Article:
That’s not at all accurate. Sure, there are plenty of wholesalers that still prefer to wine and dine (and/or golf) instead of talking about product, but their numbers are dwindling. 

Put another way, if you believe people make what they’re worth, being a wholesaler makes you much more valuable than any analyst, just about every advisor, and many portfolio managers. That’s a lot of resources dedicated to glorified telemarketers, no?

Edit: ^Yes, iShares does like to party. They even let guys like me (competitors) in every now and then. Probably just to show off. Still, free booze is free booze.


I’m not sure how it works in the U.S. but both wholesalers came into our office with absolutely no idea how much AUM we have with either firm; they could only break it down by actual dealer/ firm.

I would suggest that Greenman due his homework on which firm he wants to use as part of his investment strategy and use it for all clients and then customize based on risk tolerance, liquidity etc. So its all Vangaurd, or all iShares.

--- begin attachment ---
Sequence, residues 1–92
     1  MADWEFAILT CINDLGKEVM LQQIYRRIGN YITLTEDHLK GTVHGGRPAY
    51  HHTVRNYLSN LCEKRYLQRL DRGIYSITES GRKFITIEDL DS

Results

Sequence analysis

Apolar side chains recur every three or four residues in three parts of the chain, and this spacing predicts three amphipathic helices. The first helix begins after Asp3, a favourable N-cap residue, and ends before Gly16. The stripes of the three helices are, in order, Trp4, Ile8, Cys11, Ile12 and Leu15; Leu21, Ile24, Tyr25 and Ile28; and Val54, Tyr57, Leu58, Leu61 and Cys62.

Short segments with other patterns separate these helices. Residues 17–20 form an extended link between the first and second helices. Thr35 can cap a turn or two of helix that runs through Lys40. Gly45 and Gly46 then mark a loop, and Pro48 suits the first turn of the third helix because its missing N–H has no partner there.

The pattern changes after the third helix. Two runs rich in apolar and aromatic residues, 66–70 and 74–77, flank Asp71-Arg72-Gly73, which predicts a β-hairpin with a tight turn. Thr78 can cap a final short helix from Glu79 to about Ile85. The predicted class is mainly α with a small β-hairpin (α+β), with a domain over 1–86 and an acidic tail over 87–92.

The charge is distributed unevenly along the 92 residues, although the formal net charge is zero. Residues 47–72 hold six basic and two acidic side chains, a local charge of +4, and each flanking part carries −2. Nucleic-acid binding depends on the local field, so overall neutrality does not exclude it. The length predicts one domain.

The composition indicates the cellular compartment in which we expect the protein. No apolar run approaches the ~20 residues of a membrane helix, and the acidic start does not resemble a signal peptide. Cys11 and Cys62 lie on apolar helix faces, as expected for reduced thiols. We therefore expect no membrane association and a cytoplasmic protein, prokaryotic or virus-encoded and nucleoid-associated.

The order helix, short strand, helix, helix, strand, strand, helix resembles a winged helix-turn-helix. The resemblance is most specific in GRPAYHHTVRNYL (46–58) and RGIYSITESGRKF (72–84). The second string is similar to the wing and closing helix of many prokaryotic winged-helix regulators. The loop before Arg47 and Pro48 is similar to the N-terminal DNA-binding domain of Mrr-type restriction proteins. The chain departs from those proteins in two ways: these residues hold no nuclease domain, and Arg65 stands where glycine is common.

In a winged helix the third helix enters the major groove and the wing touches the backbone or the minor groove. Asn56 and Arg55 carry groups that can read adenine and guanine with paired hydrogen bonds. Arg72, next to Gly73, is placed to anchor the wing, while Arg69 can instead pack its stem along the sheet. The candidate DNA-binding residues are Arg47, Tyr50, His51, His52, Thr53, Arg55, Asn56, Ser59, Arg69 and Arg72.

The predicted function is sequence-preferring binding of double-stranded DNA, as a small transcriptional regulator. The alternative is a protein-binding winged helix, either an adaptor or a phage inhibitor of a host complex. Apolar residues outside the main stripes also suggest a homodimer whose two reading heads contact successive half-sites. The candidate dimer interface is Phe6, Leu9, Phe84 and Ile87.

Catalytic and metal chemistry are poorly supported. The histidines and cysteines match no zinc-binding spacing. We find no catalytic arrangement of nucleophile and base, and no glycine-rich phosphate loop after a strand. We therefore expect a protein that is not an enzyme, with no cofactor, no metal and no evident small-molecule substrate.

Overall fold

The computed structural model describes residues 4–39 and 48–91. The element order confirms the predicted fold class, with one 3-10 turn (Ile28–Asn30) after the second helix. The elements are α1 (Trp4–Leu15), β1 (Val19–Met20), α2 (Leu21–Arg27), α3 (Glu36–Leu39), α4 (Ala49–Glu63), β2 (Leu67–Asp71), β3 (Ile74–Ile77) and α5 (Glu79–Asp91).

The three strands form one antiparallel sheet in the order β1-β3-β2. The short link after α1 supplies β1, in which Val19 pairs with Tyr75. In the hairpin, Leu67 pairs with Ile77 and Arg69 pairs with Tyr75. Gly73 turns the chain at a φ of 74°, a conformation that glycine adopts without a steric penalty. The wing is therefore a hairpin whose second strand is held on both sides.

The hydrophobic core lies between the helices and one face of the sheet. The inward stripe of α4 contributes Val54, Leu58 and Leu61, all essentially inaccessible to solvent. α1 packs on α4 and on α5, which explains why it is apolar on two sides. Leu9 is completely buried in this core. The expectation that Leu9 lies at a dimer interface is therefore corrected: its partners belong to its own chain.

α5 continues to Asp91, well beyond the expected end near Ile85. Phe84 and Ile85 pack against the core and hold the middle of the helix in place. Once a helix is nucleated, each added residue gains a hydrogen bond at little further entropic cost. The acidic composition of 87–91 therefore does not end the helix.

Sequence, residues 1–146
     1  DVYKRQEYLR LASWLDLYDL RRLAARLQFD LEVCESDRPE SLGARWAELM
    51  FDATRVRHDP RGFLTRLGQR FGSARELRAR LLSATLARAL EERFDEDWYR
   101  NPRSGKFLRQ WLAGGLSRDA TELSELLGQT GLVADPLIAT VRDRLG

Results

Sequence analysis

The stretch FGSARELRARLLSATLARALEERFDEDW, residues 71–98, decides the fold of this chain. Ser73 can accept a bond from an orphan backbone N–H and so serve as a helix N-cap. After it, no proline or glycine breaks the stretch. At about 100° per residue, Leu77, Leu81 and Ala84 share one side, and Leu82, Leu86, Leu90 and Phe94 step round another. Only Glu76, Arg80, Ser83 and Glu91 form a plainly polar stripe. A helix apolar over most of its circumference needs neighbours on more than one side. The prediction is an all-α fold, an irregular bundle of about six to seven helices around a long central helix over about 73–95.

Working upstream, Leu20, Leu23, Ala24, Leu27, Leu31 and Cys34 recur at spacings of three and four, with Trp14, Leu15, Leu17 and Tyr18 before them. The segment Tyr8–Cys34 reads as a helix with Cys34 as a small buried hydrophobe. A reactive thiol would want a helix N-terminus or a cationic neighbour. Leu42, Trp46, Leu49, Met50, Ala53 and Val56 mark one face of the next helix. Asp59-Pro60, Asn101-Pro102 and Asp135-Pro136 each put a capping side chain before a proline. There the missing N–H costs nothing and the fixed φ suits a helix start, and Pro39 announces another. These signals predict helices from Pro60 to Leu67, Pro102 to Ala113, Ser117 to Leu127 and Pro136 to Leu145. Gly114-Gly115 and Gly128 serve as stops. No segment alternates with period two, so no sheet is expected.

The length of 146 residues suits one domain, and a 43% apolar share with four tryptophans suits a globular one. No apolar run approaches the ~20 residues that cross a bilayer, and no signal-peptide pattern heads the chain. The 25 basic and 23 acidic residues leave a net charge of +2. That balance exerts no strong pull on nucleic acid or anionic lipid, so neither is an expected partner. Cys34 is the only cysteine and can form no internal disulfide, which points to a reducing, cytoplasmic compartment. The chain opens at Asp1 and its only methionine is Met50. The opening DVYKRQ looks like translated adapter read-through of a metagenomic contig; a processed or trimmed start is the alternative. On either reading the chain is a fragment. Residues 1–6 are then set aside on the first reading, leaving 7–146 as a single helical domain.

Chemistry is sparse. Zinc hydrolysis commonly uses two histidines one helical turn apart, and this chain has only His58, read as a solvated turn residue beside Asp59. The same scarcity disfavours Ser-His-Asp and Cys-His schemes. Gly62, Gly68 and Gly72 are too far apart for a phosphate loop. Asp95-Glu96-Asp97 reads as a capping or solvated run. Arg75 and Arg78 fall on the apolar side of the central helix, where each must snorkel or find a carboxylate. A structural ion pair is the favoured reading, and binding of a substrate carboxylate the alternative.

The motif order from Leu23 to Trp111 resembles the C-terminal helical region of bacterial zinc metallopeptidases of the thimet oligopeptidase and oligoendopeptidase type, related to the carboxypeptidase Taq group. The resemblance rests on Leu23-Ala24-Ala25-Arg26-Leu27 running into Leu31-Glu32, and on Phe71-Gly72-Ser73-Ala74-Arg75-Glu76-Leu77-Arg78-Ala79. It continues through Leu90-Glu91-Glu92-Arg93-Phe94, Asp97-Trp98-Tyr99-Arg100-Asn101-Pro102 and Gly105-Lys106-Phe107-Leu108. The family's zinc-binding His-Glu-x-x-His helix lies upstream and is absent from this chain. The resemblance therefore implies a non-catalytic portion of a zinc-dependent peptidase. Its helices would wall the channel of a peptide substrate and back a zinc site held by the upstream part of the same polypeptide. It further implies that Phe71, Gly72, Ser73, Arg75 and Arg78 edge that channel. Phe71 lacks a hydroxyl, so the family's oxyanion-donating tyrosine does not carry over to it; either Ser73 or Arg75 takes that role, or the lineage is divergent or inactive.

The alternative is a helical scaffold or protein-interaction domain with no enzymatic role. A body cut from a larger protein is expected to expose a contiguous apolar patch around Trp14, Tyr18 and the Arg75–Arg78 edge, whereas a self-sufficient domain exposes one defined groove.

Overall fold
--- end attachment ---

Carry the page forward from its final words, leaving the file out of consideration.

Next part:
Huskie made some good points above.

Sweep the Leg wrote:

Buy index funds, not ETFs. ETFs are going to cause major problems one day. 

Could you elaborate on this some more?  Not questioning you, but am genuinely curious.

@Mike79 - It’s pretty hard to get good wholesaler representation from the huge asset managers (PIMCO and American Funds are notoriously bad at seeing their clients) and even harder to get seen by the guys that get paid lower bps. Most of the time (here in the States anyways) the Internals prospect and use various resources to identify the top advisors in their territory. If you’re an RIA in the US, your business is pretty transparent since you put it all down on your Form ADV. Companies like Discovery Database collect all this info and make it easy to search and filter for RIAs that meet your profile. For non-RIAs (say a regular Merrill advisor) it’s a bit trickier but there’s still Albridge and Market Metrics (among others) that can help you paint a picture of the advisor’s business before you ever pick up the phone (or meet with him/her). (We also get information on advisors from their own home office. It depends on what level of partner we are, but generally at the highest level of partnership {i.e. we pay them a ton of money every year} they give us some great profiling data.)